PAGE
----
Pennsylvania can become a solar leader!
Earlier this month, the Pennsylvania Department of Environmental Protection (DEP) issued a draft report that explains how the state could generate 10% of its total electricity demand with solar power by 2030, a 36-fold increase from current levels. The study concludes that solar power would bring “enormous” benefits to the state in public health, jobs, economic growth, and carbon and air pollution reductions.
The report describes two different scenarios to reach the 10% goal, but both depend heavily on large utility-scale solar installations rather than rooftop residential and business solar projects that direct benefits and control to local communities. We need your help to refocus the study on distributed solar!
What you can do
- The DEP is accepting public comment on the report through August 20. It’s important that solar supporters send a strong and clear message that rooftop solar should have a greater role in Pennsylvania’s energy future. Click here to submit a comment using our talking points (below) or by copying our petition text / sample comment at the bottom of this page. You can customize either message to make it your own!
- Add your name to our petition on this page to show your support for solar. We will share the name of the petition signers in our public comments on the report! Please feel free to sign our petition and submit your own comment as well.
Pennsylvania’s electric grid should be a two-way, democratic energy network with solar as the cornerstone that builds resilient, local power in our communities and gives consumers the choice to benefit from their own energy production.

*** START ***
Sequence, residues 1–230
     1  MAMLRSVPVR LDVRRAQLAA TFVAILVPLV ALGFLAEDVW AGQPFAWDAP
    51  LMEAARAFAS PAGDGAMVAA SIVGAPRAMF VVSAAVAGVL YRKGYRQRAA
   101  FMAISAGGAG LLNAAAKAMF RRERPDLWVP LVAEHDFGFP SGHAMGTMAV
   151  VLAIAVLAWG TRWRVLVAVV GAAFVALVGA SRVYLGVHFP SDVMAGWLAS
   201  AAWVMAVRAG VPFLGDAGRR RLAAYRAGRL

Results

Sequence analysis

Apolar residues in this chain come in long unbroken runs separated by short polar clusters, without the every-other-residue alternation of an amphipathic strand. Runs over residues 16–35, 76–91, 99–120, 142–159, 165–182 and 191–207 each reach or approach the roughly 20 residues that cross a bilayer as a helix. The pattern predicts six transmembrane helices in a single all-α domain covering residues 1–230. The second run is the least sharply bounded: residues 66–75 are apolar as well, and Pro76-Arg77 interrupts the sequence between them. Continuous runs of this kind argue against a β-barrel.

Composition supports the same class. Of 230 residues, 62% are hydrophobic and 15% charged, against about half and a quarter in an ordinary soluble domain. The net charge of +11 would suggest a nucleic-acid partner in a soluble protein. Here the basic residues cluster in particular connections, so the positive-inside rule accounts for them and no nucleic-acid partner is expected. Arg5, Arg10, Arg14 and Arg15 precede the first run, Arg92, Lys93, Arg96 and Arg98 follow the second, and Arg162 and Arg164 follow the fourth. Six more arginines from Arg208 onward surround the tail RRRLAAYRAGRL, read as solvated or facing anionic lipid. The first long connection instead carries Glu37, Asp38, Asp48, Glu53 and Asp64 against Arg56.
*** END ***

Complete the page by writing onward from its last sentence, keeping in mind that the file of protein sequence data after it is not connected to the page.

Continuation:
creates local jobs;
builds clean, local energy in our communities;
helps reduce energy bills and give consumers energy choice;
directs control and benefits back to local communities; and
works with battery storage to keep the lights on during a natural disaster.
Petition text / sample comment
Dear Pennsylvania Department of Environmental Protection,
I am excited to see Pennsylvania taking another step to becoming a national leader in solar energy with the release of this report. However, I strongly believe that the strategies outlined in the report rely too heavily on utility-scale solar. Rooftop solar should be the cornerstone of Pennsylvania’s energy future, as it enables homeowners and businesses to directly control and lower their energy costs. In addition, compared to grid-scale solar, rooftop solar provides more widely-distributed economic benefits and, by reducing our dependency on centralized power plants, makes our energy grid more resilient.
One strategy that could substantially increase the amount of rooftop solar is to strengthen our net metering policy to ensure that solar owners receive full value for excess energy sent to the grid on a monthly and annual basis. As detailed in the report, the true comprehensive value of solar is likely higher than the retail rate for electricity, meaning that distributed solar owners are not being fully compensated for the value of the electricity they produce.